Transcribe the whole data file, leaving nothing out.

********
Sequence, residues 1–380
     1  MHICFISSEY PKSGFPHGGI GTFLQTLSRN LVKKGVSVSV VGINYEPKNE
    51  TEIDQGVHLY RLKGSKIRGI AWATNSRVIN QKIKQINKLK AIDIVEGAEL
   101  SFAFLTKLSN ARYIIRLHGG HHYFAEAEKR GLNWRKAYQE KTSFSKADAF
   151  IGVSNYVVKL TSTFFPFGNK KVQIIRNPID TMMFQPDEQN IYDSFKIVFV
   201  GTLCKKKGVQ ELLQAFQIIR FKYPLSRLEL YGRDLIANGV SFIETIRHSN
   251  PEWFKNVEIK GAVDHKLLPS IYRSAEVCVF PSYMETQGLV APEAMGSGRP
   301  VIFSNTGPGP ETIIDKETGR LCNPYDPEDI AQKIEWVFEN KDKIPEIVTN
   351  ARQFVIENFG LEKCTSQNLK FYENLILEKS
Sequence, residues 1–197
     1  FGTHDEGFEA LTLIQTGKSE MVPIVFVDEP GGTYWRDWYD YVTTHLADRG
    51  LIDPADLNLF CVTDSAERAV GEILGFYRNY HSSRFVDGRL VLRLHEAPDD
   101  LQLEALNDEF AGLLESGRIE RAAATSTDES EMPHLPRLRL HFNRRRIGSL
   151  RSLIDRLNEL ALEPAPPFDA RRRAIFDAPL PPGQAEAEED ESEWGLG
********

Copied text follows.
Sequence, residues 1–380
     1  MHICFISSEY PKSGFPHGGI GTFLQTLSRN LVKKGVSVSV VGINYEPKNE
    51  TEIDQGVHLY RLKGSKIRGI AWATNSRVIN QKIKQINKLK AIDIVEGAEL
   101  SFAFLTKLSN ARYIIRLHGG HHYFAEAEKR GLNWRKAYQE KTSFSKADAF
   151  IGVSNYVVKL TSTFFPFGNK KVQIIRNPID TMMFQPDEQN IYDSFKIVFV
   201  GTLCKKKGVQ ELLQAFQIIR FKYPLSRLEL YGRDLIANGV SFIETIRHSN
   251  PEWFKNVEIK GAVDHKLLPS IYRSAEVCVF PSYMETQGLV APEAMGSGRP
   301  VIFSNTGPGP ETIIDKETGR LCNPYDPEDI AQKIEWVFEN KDKIPEIVTN
   351  ARQFVIENFG LEKCTSQNLK FYENLILEKS
Sequence, residues 1–197
     1  FGTHDEGFEA LTLIQTGKSE MVPIVFVDEP GGTYWRDWYD YVTTHLADRG
    51  LIDPADLNLF CVTDSAERAV GEILGFYRNY HSSRFVDGRL VLRLHEAPDD
   101  LQLEALNDEF AGLLESGRIE RAAATSTDES EMPHLPRLRL HFNRRRIGSL
   151  RSLIDRLNEL ALEPAPPFDA RRRAIFDAPL PPGQAEAEED ESEWGLG